There is a veritable geyser of data tracking housing today. From existing-home sales, to house prices, to new-home permits, to starts—housing metrics abound.
Chicago Condo Sales Outpace Single-Family Homes
Condominiums have become the dominant choice in the booming Chicagoland market, say area housing analysts.
Condominiums have become the dominant choice in the booming Chicagoland market, say area housing analysts. According to the Chicago Association of Realtors, nearly 53% of the homes sold in the city of Chicago during 1998 were condos, compared to just under 50% during the previous year.
1998 was the first year that attached housing, which includes townhomes, co-ops and condos, surpassed single-family sales, according to John Andrus of the Chicago Association of Realtors. Andrus attributes the increase in condo sales to buyers who wanted more space without giving up convenience or a central location.
"Many who owned a studio or a one-bedroom condo decided to move up to a larger unit," says Andrus.
"But they didn’t want to give up living in the city, or the ease of maintaining a condo. Proximity to work was also a factor."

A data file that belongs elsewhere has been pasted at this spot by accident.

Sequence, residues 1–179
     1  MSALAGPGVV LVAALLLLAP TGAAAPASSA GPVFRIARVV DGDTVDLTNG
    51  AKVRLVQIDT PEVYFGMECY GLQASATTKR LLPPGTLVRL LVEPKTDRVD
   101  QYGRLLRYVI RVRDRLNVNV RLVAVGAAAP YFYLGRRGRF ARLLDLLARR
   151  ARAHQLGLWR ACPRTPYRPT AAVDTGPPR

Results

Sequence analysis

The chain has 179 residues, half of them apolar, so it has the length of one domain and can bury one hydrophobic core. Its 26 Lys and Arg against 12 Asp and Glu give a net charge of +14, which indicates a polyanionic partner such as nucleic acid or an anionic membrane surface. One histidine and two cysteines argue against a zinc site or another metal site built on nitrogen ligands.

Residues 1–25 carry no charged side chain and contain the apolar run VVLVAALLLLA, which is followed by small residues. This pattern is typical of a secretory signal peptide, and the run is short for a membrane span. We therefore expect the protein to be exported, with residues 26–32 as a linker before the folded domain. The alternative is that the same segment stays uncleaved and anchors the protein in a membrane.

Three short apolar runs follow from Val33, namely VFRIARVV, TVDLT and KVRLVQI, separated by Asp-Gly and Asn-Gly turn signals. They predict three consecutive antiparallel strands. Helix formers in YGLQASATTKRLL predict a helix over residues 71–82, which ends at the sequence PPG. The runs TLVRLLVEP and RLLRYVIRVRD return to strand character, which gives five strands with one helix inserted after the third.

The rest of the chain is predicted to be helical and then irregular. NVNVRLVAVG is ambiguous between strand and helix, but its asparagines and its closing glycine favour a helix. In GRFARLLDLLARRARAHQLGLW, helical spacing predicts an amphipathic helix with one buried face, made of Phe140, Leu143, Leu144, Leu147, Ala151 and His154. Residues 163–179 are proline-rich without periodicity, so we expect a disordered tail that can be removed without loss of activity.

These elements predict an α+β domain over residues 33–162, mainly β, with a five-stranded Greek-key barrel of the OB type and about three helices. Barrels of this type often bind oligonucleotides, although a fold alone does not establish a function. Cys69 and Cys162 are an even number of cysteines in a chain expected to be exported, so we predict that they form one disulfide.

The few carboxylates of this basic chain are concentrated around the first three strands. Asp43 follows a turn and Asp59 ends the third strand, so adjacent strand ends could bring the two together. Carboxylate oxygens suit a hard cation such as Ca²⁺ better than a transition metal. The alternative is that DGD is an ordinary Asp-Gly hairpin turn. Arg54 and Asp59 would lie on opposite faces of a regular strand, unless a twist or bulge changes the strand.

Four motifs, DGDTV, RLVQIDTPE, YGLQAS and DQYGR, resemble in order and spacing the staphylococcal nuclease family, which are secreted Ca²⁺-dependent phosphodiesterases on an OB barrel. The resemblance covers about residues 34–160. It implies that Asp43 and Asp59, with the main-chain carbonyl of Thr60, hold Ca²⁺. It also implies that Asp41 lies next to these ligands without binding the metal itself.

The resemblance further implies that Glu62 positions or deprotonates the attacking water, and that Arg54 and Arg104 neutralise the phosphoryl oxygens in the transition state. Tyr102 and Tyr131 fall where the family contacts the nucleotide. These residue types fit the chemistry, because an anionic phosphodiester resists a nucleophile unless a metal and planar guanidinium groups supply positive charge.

According to housing analyst G. Tracy Cross, the city has gone from a 3% share of the metropolitan market in 1993 to 14% today. Since condos are a larger part of the city market, it makes sense that their sales are growing. Cross, of Tracy Cross & Associates, Schaumburg, Ill., estimates that there have been 46 major condominium conversions in the city since 1993.
Another contributing factor is the extremely tight lakefront rental market. Very few buildings have been added to the city’s dwindling stock of rentals, while thousands of units have been eliminated from the pool as a result of condominium conversions. Condos have been popular in the city for decades, but brand new high-rise condominium buildings have been absent until recently. More than a dozen new condo towers are either under construction or pre-selling units along the lake, and announcements for several more are imminent.